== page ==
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The force between charged and neutral object

  1. Sep 11, 2016 #1
    1. The problem statement, all variables and given/known data
    I did a lab involving Van de Graaff generator. Basically, below the charged sphere, I put a neutral sphere on a scale and measure the difference in mass which then I can calculate the force acting on the neutral sphere. I repeated the experiment with different distance. What is the proportionality between the force and the distance? One of the tutor said the force is proportional to 1/r^5 but he didn't explain much about it.

    2. Relevant equations
    -

    3. The attempt at a solution
    I know that from coulomb law that the force is proportional to 1/r^2. However I can only use this equation to calculate the force between two charged objects, while my experiment is about the force between a charged and a neutral object.
     
  2. jcsd
  3. Sep 11, 2016 #2

    kuruman

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    Suppose F = k/rn. You can certainly write F1=k/r1n and F2=k/r2n. Can you put these two equations together with the forces and distances that you measured and find k and n? An accurate determination might be difficult with just two measurements, but if that's all you got, it will have to do.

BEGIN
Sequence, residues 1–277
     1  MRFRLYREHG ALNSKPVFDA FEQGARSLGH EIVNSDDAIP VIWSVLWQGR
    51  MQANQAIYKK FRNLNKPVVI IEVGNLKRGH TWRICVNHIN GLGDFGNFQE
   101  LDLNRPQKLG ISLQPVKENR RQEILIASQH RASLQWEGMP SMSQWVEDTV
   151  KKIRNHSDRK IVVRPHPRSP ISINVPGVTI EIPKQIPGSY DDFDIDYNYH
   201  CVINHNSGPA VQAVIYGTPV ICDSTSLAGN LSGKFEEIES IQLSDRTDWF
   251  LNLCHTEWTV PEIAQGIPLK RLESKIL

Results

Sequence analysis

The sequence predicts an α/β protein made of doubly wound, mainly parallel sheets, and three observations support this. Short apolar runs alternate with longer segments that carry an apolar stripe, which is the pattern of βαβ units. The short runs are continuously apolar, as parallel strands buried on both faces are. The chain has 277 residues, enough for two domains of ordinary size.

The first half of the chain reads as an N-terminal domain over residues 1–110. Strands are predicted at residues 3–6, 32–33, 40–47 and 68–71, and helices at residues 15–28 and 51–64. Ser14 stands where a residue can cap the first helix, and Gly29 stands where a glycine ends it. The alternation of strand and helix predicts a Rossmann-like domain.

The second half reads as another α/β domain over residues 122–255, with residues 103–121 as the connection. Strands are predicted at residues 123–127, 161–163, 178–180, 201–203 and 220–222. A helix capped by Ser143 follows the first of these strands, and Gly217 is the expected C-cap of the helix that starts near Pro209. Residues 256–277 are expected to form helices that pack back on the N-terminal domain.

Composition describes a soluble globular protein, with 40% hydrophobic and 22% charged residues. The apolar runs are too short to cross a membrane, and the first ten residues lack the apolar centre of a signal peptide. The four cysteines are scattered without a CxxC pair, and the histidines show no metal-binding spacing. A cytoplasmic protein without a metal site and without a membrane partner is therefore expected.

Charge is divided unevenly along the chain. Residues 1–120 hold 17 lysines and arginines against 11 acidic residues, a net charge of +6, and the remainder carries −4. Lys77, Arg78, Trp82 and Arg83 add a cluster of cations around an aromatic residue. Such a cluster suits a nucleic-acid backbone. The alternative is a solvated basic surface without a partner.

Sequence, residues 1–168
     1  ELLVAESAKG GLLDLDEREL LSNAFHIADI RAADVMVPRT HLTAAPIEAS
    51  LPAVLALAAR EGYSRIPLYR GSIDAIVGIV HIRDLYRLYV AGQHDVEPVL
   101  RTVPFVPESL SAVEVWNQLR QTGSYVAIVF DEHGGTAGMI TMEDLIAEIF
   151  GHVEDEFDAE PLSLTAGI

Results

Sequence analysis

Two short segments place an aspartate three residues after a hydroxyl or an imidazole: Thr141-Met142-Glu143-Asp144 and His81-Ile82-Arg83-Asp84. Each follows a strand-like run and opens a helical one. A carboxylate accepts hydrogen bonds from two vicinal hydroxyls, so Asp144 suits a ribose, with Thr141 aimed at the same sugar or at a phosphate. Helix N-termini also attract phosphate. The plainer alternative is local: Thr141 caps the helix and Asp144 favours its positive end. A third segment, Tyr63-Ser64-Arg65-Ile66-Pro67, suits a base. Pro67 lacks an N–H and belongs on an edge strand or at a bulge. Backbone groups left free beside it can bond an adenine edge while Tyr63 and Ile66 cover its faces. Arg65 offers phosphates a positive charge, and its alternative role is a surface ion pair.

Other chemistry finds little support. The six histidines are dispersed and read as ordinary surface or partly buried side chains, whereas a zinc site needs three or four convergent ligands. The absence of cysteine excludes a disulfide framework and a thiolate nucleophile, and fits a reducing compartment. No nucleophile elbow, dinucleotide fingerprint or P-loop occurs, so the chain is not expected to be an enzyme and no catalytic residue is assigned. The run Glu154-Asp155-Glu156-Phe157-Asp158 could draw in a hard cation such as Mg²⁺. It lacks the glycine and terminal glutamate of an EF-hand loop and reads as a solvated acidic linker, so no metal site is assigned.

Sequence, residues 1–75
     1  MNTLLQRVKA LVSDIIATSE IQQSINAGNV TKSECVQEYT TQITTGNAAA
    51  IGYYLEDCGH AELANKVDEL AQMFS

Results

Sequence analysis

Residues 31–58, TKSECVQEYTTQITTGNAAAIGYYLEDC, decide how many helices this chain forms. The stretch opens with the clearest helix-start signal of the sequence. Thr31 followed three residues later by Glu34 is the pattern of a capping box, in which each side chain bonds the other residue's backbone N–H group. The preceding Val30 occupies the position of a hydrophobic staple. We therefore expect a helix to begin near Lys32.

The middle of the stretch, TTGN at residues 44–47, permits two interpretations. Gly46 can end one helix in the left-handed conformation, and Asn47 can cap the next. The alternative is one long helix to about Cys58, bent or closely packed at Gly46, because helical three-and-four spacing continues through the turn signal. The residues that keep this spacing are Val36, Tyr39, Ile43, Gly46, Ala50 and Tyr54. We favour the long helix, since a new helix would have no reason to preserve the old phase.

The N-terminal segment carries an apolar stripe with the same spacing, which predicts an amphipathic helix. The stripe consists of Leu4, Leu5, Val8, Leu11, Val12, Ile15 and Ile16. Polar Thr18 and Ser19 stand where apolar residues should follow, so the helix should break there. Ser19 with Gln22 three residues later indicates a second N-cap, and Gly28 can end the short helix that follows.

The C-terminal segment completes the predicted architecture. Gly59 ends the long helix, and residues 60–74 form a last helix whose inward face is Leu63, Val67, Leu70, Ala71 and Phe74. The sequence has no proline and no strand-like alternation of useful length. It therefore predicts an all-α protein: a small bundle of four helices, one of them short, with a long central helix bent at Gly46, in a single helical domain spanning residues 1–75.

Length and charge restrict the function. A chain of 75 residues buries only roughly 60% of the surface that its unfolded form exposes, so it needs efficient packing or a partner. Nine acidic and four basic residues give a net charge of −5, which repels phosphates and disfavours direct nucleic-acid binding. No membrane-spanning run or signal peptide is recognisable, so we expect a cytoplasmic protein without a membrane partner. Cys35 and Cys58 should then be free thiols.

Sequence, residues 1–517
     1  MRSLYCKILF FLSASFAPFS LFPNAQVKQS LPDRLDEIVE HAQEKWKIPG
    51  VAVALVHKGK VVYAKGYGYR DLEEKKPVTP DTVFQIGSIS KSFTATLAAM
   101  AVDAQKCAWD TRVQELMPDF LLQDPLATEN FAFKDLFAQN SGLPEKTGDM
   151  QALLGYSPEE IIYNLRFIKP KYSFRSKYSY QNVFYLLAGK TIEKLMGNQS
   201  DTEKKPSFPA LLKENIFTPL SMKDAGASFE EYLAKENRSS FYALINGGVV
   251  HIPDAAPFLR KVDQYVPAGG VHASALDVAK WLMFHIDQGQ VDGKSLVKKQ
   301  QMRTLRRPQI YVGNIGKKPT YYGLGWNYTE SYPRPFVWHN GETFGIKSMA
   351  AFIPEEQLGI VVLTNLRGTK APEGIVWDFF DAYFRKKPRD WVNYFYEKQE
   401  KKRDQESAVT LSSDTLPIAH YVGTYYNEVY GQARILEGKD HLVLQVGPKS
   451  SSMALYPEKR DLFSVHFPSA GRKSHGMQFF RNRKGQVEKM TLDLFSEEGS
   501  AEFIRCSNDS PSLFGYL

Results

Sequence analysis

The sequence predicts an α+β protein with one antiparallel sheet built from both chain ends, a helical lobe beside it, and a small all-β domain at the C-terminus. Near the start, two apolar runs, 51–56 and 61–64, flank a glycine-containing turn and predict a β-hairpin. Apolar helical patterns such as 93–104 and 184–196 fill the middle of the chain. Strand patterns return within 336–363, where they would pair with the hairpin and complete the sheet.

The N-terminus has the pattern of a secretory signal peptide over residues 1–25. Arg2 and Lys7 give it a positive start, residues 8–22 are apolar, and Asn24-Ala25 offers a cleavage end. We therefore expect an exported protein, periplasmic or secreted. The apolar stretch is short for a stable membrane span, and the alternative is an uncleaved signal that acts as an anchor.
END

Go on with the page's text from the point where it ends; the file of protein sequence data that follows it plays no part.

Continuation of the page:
Last edited: Sep 11, 2016
  4. Sep 11, 2016 #3

    haruspex

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    Don't know if this works, but you could try considering instead two small conductors, lined up with the charged sphere, connected by a short thin wire. These would form a dipole from the induced charges. You might obtain an r-5 relationship in that model.

    Edit: it does indeed produce that relationship.
     
    Last edited: Sep 12, 2016
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